Brendon Hartley has revealed more details about his exit from Toro Rosso at the end of the 2018 Formula 1 season, including that he learned he had lost his seat just one hour after last race of the year.

Hartley spent much of the year facing scrutiny about his future at Toro Rosso after he struggled to match teammate Pierre Gasly’s points haul, ending the year 19th in the final standings.

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Rumours Hartley could be replaced mid-season arose towards the end of May, with the New Zealander writing in his final column for The Player’s Tribune that finding out there was truth to this speculation was one of the toughest moments of his season.

“it was tough, because when I look back now, what I will remember most about it is walking down to the paddock to meet with the media on the Wednesday before the weekend started, and receiving a bunch of questions about my future,” Hartley said.

“Here I am, a handful of races into my F1 career, and I’m being asked about the end. 

“The worst part of that day, though, was finding out there was some truth to the rumours. After a few races, there were some people, it appeared, who didn’t want me there.

“I’ll be honest, this was a bit of a shock. After entering F1 with a wealth of experience, two World Endurance championships, a win at Le Mans, and out qualifying my teammate two out of the first three races, it was hard to for me to believe that there was talk of my being replaced so early.”

Hartley enjoyed an upturn in form through the second half of the season, finishing in the points in Germany and the USA, as well as qualifying sixth at Suzuka, but it was not enough to save his seat for 2019.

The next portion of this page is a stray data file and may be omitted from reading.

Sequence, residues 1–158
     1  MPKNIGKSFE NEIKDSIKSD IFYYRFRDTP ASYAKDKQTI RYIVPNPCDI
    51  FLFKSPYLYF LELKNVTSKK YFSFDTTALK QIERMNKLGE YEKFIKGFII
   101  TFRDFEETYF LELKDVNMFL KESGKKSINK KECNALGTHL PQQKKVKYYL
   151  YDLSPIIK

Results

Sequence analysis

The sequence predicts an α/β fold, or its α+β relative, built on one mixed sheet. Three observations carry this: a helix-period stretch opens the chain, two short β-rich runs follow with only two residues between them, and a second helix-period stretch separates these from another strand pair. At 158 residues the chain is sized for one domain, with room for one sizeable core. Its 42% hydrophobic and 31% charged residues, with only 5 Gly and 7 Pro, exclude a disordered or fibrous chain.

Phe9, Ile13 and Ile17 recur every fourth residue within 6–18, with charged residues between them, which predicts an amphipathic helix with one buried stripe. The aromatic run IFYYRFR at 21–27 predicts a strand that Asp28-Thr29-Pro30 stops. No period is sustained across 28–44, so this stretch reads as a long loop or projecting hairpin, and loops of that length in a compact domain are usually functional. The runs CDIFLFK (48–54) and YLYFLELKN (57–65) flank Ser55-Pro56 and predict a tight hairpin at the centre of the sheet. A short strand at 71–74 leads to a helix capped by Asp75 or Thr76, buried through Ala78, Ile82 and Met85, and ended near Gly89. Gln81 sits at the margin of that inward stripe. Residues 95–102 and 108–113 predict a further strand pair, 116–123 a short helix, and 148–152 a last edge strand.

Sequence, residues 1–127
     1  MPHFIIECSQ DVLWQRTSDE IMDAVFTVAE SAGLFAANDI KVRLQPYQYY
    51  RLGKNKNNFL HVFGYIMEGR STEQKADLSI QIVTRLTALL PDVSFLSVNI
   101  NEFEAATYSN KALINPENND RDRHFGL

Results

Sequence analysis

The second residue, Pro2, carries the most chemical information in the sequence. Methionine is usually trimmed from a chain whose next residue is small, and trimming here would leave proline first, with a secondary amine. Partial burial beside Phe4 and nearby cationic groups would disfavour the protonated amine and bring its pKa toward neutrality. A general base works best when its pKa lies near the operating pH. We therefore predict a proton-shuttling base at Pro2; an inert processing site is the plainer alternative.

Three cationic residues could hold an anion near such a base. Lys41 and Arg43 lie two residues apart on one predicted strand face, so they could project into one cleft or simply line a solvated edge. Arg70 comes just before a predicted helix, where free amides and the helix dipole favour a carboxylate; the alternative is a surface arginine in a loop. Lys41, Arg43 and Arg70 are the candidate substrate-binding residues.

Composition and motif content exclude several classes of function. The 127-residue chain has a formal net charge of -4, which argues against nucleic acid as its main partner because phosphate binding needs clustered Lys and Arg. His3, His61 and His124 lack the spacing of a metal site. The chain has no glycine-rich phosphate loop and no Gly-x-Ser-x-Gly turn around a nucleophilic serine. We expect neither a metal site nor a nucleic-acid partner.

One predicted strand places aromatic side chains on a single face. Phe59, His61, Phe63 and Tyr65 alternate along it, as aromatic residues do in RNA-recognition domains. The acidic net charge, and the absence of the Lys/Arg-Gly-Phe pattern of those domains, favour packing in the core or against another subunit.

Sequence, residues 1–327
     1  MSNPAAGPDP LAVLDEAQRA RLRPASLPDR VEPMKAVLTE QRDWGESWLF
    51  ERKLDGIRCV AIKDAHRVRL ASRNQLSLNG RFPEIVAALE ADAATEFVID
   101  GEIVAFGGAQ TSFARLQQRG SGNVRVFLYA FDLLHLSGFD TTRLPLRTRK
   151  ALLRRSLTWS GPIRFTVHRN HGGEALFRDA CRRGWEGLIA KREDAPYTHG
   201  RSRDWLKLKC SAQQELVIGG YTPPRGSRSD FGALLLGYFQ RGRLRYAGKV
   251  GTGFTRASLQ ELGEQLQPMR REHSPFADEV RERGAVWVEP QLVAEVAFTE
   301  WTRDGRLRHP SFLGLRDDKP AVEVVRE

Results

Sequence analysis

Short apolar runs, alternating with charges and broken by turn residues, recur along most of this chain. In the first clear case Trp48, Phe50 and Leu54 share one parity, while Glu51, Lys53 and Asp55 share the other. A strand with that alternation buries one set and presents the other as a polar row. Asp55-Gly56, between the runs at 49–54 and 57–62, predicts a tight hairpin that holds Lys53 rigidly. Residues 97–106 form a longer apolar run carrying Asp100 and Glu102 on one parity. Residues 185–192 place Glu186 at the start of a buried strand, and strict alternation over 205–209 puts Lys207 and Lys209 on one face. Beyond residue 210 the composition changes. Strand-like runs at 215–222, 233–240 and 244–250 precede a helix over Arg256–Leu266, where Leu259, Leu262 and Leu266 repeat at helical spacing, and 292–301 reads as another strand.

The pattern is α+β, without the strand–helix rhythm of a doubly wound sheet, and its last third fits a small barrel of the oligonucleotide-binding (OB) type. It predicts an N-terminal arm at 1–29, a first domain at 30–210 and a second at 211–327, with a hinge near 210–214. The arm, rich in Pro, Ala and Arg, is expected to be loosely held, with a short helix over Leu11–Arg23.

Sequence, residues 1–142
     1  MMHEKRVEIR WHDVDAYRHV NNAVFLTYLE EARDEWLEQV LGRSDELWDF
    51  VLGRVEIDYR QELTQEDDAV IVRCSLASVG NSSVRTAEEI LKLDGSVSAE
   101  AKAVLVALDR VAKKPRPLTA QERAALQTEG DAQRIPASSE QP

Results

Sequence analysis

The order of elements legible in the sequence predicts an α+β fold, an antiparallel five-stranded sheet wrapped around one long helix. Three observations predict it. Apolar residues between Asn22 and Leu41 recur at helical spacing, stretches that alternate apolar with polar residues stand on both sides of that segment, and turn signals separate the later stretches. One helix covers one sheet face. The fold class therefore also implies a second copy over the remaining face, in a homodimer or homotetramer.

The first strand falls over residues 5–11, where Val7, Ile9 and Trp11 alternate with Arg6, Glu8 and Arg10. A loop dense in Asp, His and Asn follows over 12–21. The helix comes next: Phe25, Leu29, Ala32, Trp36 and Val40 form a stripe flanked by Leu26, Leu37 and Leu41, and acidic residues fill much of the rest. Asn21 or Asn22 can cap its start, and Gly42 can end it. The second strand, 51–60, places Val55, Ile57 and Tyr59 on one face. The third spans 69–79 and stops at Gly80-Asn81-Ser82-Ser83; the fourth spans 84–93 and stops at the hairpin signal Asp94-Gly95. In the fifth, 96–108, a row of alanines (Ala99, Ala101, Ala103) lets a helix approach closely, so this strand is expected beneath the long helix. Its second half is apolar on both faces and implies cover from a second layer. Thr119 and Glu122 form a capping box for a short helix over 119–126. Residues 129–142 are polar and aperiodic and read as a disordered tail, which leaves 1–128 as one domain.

However, he was unaware about where his future lay right until after the final race of the season in Abu Dhabi.

“Like the fans, I had no idea what was going to happen,” Hartley said. “That’s the thing about the politics in F1, it can be a little bit awkward. Everyone sort of walks on eggshells, and there isn’t always clarity.

“So I just did all I could: my job. I out-qualified my teammate and drove to 12th on Sunday night.

“An hour later, I was summoned to a meeting. And a few minutes after that, I was no longer an F1 driver.”

Hartley added: “In the meeting there wasn’t much said. It was clear to me then that from as far back as Monaco there was a plan in motion to move me on.

“That was it. What I thought didn’t matter.”

Hartley ended his column by saying he was still working on racing plans for 2019 and has “a few options,” but stressed he still believes “the F1 door is definitely not closed.”

Hartley’s Toro Rosso seat has been taken by Formula 2 race winner Alexander Albon for 2019, who will partner Daniil Kvyat.